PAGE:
Bumble Bees and Honey Bees differ in shape, size and type of nest they live in. According to the Bumble Bee Conservation Organization, bumble bees can be identified by their color, size and place where they live. Bumble Bees live in the wild in nests of 50 to 400 bees. Honey Bees live in hives consisting of 50,000 to 60,000 bees. They are both important sources of pollinators of plants and food crops. I was therefore happy to see this little guy getting nectar and pollen from a yellow wildflower in a nearby park. County agricultural offices are holding classes for people interested in starting their own Honey Bee hives. You can learn more about bees at the U.S. Dept. of Agriculture, Forestry Service. I also liked the Insect About.com website which gives a concise summary of the differences between Bumble Bees and Honey Bees.
Blue Dragon Fly
Dragonflies came in many different colors and shapes because there are many different species of them, 60 in California alone. They look dangerous when they fly near you but they are not and do not bite people. They are actually very helpful by keeping the mosquito population in check because they are one of their main food sources. Dragonflies fly very fast and can fly backwards as well which make them unique in this capability. They are usually found near ponds and streams where their prey are found. Dragonflies are preyed on by birds and spiders. You can learn more about dragonflies by visiting http://www.eduwebs.org/bugs/dragonfly.htm
click on pictures for larger images of dragonflies
Monarch Butterfly (Danaus plexippus) The Monarch butterfly is a colorful butterfly with orange and black wings with white spots on the end of its’ wings. I saw and photographed this Monarch in a group of wild flowers on a bush in my neighborhood. The Monarch feeds exclusively in it’s larval stage on the milkweed plant. The milkweed plant gives the butterfly its distinctive colors and also a poisonous chemical mixture in its body that protects it from predators. The Monarchs can be seen all over the United States and Mexico and the ones living in the western part of the U.S. are famous for their 3,000 mile journey from the northern part of the U.S. to Mexico and Southern California during winter. It will not be able to fly if it’s body temperature drops below 86 degrees and will find a warm sunny place to warm up before they continue flying. The Monarch can produce 4 generations of offspring during their lives. The first three generations live only 2-6 weeks and they mate producing a fourth generation which can live up to 9 months. These insects and other species of wildlife are threatened by the loss of habitat caused by human and natural disruptions of their living areas. The Mexican government has stepped up to protect the Monarch by establishing a 217 square mile reserve in the Sierra Madres Mountains to protect their habitat, called the Monarch Biosphere Reserve. I found some useful information about the Monarch Butterfly at the Defenders of Wildlife website and the National Geographic website. click on image for larger picture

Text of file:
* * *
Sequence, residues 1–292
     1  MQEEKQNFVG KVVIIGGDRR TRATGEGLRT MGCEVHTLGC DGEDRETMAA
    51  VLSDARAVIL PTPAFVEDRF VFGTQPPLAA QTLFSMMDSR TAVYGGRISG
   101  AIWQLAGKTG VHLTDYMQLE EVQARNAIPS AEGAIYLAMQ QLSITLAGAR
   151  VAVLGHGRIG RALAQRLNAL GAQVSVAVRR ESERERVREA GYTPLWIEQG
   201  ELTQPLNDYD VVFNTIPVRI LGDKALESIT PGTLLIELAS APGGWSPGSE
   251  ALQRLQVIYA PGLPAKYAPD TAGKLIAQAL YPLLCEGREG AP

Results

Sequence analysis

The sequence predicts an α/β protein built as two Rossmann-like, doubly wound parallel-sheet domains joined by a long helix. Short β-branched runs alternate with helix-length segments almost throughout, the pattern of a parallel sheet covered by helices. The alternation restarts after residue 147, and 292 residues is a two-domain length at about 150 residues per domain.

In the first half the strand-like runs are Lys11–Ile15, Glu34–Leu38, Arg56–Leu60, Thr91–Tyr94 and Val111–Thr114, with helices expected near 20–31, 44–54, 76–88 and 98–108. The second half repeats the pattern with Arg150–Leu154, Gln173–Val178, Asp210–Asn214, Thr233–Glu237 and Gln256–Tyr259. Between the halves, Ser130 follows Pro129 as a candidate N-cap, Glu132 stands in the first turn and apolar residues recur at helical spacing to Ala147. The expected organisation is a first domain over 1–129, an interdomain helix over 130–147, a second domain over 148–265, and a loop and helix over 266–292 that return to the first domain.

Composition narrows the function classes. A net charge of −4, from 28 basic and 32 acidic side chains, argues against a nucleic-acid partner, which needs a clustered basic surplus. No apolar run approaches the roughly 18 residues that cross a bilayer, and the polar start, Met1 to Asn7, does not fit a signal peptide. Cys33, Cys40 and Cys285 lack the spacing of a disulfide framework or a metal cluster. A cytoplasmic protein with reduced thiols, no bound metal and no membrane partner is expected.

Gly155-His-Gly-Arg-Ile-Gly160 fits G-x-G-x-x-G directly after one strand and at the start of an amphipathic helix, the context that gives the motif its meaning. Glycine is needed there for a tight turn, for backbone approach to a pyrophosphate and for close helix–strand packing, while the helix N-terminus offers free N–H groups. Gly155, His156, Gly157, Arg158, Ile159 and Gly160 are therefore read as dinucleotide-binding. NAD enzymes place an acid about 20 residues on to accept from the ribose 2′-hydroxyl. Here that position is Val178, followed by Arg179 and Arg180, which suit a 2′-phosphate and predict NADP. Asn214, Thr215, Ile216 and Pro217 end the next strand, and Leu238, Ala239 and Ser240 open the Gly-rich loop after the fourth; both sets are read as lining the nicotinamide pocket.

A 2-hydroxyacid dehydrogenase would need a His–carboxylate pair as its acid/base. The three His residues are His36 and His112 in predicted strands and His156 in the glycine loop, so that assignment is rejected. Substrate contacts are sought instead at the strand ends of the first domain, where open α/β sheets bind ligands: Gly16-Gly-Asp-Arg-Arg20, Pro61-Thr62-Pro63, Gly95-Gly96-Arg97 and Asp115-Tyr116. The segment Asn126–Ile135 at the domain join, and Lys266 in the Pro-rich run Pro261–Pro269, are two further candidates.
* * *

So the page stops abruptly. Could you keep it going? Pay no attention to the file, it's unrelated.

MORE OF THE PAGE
Eastern Lubber Grasshopper
Eastern Lubber Grasshopper (Romalea microptera)
This is the adult Eastern Lubber Grasshopper which is found all throughout Florida. I took this picture in the Six Mile Cypress Slough Preserve in Ft. Myers. They can be found in pine-woods, weedy areas, roadsides and in wetlands which have both wet and dry surfaces. The adult Lubber is known for its bright yellow body and black spots while the baby Lubber is mostly black and has a few yellow stripes. You can see the younger version of the Lubber in one of my previous posts. I was impressed by its sturdy appearance and its outer covering which looks like a body of armor. The name lubber comes from the English word “lobre” which means lazy or clumsy and is also related to the word landlubber. The Eastern Lubber grasshopper sheds its outer skin or covering called “molting” several times during its lifetime before it reaches the adult stage. This grasshopper can be damaging to crops and gardens if they gather in large enough populations by eating the leaves of plants. There numbers are often limited by a parasitic fly whose eggs are ingested by the grasshopper and are toxic to the grasshopper. For more information about the Eastern Lubber Grasshopper you can visit the Univ. of Florida’s Featured Creatures website.